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Interesting......

My thought on the "valve float" is that the only time that exhaust port pressure would be higher than cylinder pressure, AND the piston is close enough to TDC that the valve could hit it would be at the very beginning of Intake valve opening. At the top of the exhaust stroke, cyl pressure is going to be higher than port pressure (the flapper is closed, so the exhaust stroke is just another 'compression' stroke) so no possibility of the Exhaust valve being 'blown open' until the cyl pressure is lower than the port pressure behind it. I don't know how much overlap, or how far BTDC Intake opening begins in a Powerstroke cam, but once the piston is moving downwards, the piston can't really damage the exhaust valve if it does hit it. Another consideration with valve float is that pushrods, rockers, lifters and the cam can be damaged by the valvetrain banging back together.

Has anyone actually seen damage in a Powerstroke that was caused by exhaust brake valve float, or is this pretty much hypothetical?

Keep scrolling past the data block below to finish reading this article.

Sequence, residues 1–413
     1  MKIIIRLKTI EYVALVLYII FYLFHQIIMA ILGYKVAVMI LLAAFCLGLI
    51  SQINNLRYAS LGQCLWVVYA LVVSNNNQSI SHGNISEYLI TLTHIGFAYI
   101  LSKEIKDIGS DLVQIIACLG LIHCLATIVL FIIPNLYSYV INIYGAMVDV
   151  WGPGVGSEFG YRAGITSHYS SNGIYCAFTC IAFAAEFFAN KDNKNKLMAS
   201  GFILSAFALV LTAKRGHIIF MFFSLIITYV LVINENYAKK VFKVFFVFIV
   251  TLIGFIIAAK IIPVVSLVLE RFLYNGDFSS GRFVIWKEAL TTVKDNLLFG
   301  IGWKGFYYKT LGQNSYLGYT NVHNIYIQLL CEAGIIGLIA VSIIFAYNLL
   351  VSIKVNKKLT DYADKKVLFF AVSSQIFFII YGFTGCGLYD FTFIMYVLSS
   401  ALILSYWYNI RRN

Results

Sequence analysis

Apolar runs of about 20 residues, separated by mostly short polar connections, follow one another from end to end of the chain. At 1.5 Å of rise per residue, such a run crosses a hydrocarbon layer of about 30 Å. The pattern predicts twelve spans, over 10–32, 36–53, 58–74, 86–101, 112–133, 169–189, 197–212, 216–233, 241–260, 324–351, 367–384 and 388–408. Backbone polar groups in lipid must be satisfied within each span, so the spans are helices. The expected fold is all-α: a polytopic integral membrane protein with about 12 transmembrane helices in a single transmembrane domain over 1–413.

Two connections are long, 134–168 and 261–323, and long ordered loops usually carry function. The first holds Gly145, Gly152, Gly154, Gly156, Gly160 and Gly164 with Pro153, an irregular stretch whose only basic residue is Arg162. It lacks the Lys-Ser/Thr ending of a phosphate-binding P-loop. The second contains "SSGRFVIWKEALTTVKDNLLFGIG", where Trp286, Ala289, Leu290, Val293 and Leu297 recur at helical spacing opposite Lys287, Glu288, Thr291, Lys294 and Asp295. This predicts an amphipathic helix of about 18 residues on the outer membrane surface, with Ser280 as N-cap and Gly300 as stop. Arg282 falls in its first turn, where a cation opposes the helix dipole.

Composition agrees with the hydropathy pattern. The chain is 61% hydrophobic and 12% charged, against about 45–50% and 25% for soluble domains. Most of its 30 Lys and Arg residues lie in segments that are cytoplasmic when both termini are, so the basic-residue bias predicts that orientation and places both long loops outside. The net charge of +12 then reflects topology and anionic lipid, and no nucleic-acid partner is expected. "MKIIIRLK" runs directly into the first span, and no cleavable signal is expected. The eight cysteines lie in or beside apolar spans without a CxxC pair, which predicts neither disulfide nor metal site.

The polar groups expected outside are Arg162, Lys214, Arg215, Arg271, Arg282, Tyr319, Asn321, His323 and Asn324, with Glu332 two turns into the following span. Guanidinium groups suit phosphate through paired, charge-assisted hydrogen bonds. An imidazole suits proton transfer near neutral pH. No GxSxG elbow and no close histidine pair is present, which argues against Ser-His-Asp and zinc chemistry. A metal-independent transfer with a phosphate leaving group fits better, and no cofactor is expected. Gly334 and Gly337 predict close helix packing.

The transmission concerns on the other hand do make sense. I have a Pacific Brake in my 99, and the last couple of times I attempted to use it, it didn't slow the truck down. Even in "overdrive off", there is no engine braking. I suspect something may be developing in the trans. For now, I just don't use the Pac Brake. Not to mention the flapper got stuck closed. I wondered WTF was wrong with the truck. It couldn't get out of its own way. I don't tow heave enough chit to need an exhaust brake. Eventually I'll take it off, but for now its unplugged, and I don't use it.
 
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